However, reading the programme and confusing further, it seems that Rapp’s intention was not to make Davis’s history an influential part, Davis’ wicked behaviour rather a cover up or denial, from his falling in love with Christina, in order to preserve his friendship with Matt. Unfortunately, the stealing of Matt’s girlfriend and engagement to her makes the case for Davis wanting friendship rather weak. Equally, there is partial evidence for Davis loving Christina, as she describes how they talked all through the night and is convinced they love each other, but Davis’ vulgar mistreatment is just too strong to naturally derive this concept.

Reading on from this revelation, Rapp’s premise is extremely interesting. He writes how ‘the gray areas’ intrigued him, ‘how we hold on to the tiniest details when we encounter someone we’re bewitched by, and how the other person might not remember the most obvious things from that meeting; the cruelty and pain of being disremembered versus the alchemy of selective memory and how we twist and distort it to rationalize and justify what we want to believe about the object of our affection; how we misinterpret minutiae and mythologize the most insignificant looks and lilts of the voice; how the most meaningless actions can carry enormous, existentially romantic impact’.

These ideas are truly fascinating, due to the fact that they are so accurate of the human psyche. Some of these details showed, but unfortunately the concept became hazed. I did not see any of these criteria affecting Davis.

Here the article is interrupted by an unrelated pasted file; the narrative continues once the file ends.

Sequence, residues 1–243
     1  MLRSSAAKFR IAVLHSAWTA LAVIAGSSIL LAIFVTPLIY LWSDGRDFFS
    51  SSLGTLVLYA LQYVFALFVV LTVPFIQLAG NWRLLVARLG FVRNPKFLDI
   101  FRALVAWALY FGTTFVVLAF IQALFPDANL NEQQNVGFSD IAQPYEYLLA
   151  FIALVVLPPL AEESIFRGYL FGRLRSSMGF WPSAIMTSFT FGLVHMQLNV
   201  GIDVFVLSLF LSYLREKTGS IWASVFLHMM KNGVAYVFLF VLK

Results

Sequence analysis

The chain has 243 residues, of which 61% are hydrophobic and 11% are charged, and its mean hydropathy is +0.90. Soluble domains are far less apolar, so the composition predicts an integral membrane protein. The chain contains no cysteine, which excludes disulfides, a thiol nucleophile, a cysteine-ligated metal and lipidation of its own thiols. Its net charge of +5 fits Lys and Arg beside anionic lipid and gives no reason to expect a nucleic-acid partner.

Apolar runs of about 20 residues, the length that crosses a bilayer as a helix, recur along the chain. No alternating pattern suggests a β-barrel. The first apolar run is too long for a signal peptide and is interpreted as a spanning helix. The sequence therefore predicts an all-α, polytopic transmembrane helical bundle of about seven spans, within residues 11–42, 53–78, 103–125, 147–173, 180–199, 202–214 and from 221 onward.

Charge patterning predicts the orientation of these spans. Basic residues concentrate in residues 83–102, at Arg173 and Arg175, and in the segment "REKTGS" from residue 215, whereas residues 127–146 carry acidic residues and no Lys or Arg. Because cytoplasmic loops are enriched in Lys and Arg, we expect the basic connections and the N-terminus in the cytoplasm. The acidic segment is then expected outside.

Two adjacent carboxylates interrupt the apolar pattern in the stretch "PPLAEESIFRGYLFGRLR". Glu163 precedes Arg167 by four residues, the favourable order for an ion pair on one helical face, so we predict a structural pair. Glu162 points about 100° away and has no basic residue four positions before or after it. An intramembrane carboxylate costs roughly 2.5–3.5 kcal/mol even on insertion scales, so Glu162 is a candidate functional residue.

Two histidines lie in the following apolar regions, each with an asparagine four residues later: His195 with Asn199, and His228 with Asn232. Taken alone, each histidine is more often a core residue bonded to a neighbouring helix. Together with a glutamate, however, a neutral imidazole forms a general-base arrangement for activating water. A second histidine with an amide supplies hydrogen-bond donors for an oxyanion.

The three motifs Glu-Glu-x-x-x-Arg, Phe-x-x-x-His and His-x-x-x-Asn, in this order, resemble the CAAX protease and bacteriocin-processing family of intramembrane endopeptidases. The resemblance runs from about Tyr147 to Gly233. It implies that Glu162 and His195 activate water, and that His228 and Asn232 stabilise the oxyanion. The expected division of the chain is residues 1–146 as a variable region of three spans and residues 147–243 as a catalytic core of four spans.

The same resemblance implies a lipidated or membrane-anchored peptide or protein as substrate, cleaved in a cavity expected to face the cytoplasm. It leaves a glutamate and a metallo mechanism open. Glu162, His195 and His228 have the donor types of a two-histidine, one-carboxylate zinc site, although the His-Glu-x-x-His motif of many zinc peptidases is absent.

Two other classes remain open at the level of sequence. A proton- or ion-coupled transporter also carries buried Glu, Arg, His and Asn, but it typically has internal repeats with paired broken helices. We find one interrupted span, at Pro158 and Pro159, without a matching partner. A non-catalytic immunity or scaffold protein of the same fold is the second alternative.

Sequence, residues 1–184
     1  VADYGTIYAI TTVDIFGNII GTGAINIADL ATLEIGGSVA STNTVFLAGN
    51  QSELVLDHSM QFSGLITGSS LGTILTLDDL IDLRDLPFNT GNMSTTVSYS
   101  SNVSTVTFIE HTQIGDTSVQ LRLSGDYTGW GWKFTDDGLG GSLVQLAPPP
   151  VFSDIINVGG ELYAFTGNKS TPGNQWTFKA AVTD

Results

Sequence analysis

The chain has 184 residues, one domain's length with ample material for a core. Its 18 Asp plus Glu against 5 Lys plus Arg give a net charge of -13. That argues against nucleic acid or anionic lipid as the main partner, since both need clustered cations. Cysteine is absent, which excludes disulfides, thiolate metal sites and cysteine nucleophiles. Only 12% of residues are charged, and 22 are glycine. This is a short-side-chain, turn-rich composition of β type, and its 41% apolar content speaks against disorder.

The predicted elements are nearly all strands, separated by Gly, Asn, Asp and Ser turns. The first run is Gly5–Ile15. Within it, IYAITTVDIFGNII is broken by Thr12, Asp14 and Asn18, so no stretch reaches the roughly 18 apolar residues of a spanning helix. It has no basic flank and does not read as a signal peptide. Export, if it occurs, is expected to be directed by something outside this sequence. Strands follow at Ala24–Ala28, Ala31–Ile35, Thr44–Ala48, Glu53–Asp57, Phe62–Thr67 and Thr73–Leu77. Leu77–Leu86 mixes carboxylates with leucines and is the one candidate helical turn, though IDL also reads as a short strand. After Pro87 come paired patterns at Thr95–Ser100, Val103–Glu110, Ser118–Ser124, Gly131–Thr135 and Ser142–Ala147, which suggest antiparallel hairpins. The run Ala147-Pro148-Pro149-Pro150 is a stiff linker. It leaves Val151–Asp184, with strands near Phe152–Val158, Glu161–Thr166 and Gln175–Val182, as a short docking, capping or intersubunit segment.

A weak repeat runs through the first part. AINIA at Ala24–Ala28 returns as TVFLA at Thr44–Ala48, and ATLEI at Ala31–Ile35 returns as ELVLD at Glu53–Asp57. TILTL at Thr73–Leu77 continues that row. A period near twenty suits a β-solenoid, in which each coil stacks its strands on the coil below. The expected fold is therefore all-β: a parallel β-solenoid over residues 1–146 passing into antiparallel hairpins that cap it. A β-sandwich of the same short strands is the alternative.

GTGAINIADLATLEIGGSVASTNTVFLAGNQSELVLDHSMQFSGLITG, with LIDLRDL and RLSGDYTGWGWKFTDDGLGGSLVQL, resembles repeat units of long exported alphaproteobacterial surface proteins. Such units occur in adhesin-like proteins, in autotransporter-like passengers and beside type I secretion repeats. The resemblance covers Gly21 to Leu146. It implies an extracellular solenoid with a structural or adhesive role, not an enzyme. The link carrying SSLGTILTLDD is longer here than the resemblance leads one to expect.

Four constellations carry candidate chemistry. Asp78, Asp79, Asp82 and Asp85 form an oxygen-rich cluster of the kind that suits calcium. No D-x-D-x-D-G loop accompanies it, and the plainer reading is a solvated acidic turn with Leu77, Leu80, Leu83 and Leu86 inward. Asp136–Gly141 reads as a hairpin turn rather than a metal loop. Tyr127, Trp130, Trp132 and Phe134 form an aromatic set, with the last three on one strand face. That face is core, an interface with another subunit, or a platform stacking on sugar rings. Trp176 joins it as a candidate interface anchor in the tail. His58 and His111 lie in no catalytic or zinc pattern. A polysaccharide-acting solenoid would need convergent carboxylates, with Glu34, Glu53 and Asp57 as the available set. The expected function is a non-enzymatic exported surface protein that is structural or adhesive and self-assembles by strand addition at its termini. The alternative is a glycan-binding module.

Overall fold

The acting is brilliant. Red Light Winter could be brilliant. If only words had spoken more than the actions. If only history was provided and if only a clear concept was decided upon.

3 Comments on UK Premiere of Adam Rapp’s Red Light Winter, Theatre Royal Bath.

  1. Couldn’t agree more Lauren. Rapp’s ideas and intentions, and the actual piece on stage didn’t seem to correlate. Some superbly layered performances but a lack of richness and clarity in the script unfortunately left me slightly disappointed.

  2. Thank you for your comment Adam, I really appreciate it, especially that you too felt the same. I felt that maybe I was missing a trick and not understanding the real meaning of the play – but I figure you shouldn’t have to look at a programme to understand what something is about.

    Will be really interesting to see the film.

  3. I didn’t know there was a film in the making – just looked it up! Will be very interested to see it, if only to observe how it translates to the screen and if they adapt the playtext in any way.